Tim Robbins is going back to his ‘punk rock theater’ actor roots

Actor Tim Robbins on October 14, 2019 in West Hollywood, Los Angeles, California. Photo by Xavier Collin/Image Press Agency/NurPhototo

Some of actor Tim Robbins’ most important work tells the story of people who are incarcerated. In “The Shawshank Redemption,” his character Andy Dufresne bonds with Morgan Freeman’s character — both are in prison for murder. Robbins’ also wrote and directed “Dead Man Walking,” which stars Sean Penn as a death row inmate during the final days before his execution. 

Off-screen, Robbins has long been a champion of people who are incarcerated, by bringing theater to prisons and juvenile detention centers as a form of rehabilitation. It’s one of the many programs offered by The Actors’ Gang, a local, non-profit theater he co-founded 40 years ago. 

The first iteration of the acting troupe got together in early 1980’s with a production of Alfred Jarry’s “Ubu the King.”

“I got a bunch of people, actors … some of them are friends,” Robbins tells KCRW. “We were a bunch of punk rock theater artists that wanted to do crazy theater. And this one we took out into LA at the Pilot Theater in Hollywood.”

In celebration of the theater group’s 40th anniversary, Robbins is restaging the show. He says many of the themes in the story resonate with current cultural and political events. 

“[Ronald] Reagan had just been elected. He was making jokes about blowing up Russia with a nuclear bomb. There was a lot of dissension in the air. A lot of people struggling to get by after the recessions in the 1970’s. So I felt well, in a time of madness, it, oftentimes, is a good thing to look at surrealism and expressionism as a way to express the way that you feel about the world.” 

Robbins adds that doing theater has helped keep him grounded.

“It's kept me sane in a town that judges you based on your last box office receipts. It was an incredibly important thing to have in my life for my own sanity and survival,” he explains. “That's what theater always provided for actors in Los Angeles — a way to get a little deeper, challenge yourself more, go beyond what you might be cast in the movies, and into something that has some more depth and challenge to it.”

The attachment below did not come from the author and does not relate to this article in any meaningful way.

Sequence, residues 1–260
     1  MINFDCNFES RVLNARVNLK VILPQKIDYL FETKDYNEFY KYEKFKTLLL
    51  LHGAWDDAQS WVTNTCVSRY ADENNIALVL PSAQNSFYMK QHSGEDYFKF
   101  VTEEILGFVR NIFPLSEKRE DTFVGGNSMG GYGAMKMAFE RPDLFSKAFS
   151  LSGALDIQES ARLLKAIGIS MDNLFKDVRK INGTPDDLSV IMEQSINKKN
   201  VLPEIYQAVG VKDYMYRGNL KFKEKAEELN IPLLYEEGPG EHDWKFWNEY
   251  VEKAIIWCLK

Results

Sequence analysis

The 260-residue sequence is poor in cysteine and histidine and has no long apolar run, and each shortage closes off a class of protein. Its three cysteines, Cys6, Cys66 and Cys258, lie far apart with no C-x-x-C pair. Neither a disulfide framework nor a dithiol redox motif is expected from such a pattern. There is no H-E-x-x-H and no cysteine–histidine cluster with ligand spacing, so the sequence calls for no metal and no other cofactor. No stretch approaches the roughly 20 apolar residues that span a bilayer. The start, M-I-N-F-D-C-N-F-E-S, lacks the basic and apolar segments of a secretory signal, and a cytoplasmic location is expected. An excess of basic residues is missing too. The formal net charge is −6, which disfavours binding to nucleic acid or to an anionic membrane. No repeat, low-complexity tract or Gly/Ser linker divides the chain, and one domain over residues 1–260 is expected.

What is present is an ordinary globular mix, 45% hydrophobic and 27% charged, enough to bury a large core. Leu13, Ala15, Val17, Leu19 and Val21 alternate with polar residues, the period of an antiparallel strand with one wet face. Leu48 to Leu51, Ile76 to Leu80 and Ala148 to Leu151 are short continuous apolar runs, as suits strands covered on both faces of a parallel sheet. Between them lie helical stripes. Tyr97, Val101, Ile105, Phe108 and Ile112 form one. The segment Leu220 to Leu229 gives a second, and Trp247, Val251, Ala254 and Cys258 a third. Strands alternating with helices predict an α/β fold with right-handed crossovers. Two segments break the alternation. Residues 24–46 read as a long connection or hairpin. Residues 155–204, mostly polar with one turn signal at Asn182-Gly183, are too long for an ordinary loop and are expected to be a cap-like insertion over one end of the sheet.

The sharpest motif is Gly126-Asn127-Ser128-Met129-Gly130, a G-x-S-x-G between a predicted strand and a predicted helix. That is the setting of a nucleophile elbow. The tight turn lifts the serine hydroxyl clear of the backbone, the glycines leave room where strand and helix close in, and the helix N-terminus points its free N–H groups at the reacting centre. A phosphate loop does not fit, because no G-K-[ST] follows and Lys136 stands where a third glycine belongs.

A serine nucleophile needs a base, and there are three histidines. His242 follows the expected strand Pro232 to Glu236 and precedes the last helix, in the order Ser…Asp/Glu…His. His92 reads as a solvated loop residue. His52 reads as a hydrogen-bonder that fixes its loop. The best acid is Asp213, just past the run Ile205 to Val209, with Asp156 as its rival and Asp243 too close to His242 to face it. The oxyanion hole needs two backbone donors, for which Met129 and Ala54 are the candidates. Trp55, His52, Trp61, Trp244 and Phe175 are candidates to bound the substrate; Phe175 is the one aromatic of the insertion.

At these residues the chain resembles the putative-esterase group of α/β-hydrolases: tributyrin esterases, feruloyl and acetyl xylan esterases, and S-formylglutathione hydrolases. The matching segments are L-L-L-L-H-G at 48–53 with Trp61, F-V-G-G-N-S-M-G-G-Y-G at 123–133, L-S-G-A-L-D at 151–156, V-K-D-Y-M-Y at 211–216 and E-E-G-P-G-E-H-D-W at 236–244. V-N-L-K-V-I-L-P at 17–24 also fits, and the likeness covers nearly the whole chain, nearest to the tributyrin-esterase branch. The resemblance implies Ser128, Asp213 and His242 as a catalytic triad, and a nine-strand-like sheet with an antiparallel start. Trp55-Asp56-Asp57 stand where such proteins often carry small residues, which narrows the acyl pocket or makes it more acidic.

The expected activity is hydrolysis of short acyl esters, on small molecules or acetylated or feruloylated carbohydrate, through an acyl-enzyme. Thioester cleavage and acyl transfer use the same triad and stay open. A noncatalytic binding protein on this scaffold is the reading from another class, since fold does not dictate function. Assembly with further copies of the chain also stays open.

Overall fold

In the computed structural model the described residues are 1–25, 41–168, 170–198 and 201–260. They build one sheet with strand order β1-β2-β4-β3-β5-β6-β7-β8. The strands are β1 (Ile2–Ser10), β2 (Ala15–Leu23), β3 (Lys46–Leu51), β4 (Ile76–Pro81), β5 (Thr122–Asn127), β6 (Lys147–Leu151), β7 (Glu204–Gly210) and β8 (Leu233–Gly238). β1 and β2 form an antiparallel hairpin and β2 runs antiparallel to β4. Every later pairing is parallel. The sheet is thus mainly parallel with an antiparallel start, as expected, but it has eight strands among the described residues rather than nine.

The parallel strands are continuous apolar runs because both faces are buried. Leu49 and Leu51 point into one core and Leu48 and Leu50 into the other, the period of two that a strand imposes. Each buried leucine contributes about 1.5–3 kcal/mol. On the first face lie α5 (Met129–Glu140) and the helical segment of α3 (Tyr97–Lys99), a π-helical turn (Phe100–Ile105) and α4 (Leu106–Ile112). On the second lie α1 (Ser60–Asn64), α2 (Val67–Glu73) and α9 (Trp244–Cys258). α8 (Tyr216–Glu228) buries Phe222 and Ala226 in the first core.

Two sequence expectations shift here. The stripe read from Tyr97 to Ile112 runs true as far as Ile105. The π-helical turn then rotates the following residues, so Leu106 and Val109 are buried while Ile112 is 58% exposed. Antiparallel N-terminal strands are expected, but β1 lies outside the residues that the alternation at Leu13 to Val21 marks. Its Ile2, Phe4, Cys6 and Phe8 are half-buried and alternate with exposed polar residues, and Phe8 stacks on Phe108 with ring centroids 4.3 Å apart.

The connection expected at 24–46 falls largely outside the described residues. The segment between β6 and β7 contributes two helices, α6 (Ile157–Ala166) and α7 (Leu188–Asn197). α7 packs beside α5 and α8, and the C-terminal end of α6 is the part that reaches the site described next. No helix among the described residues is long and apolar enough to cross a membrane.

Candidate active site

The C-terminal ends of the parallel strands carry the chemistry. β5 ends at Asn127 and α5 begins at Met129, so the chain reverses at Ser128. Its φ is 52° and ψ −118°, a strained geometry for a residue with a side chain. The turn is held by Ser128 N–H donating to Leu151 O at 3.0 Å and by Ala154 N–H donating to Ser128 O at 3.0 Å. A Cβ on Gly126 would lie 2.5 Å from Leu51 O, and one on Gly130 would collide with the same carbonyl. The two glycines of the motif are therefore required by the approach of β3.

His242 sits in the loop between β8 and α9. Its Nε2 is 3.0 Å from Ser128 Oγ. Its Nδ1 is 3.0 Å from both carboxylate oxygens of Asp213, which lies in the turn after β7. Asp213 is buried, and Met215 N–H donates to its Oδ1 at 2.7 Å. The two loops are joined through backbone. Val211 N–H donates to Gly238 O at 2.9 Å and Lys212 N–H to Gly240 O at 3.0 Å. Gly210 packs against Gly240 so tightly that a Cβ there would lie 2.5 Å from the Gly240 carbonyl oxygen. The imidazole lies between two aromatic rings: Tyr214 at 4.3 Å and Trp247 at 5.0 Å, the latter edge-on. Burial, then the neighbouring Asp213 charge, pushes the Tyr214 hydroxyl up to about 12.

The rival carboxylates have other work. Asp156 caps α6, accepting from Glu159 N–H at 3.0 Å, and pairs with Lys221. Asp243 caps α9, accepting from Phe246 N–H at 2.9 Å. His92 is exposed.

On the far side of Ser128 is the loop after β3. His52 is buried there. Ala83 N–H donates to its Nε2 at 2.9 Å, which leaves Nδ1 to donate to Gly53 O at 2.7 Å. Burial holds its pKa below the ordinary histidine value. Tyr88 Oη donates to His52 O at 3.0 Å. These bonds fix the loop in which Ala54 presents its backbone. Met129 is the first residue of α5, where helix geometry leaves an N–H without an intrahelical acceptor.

He credits actress Sabra Williams for introducing the idea of taking theater ino prisons. And while it was difficult connecting with inmates initially, that soon gave way to deep emotions. 

“One of the things we soon discovered was that there is one predominant emotion in prison, which is anger. It's the survival emotion. … You can't show fear. If you show fear, you're a target. And same thing with sadness. And happiness is not very prevalent in prison either.”

He adds, “What we give people [is] a safe zone, where for the first time in, sometimes 20-30 years, they're expressing emotions that they all have been suppressing for survival. It allows a communal ground, because we're also dealing with people from rival gangs, we're dealing with people from different races.”

During the COVID-19 lockdown, The Actor’s Group held theater workshops on Zoom. Robbins says some of the participants had recently gotten parole after being incarcerated for decades.

“After having been locked up inside for all those years, they were now outside, restricted to their homes. And so we got to get their insight. And I found their insight incredibly helpful and illuminating about what it is to survive in a kind of isolated environment,” Robbins says. “I've learned about courage, tenacity. And I've learned about forgiveness, and how important it is in a society … all of the different experiences in our lives and the mistakes we make should not define our future. What matters is what happens right now.”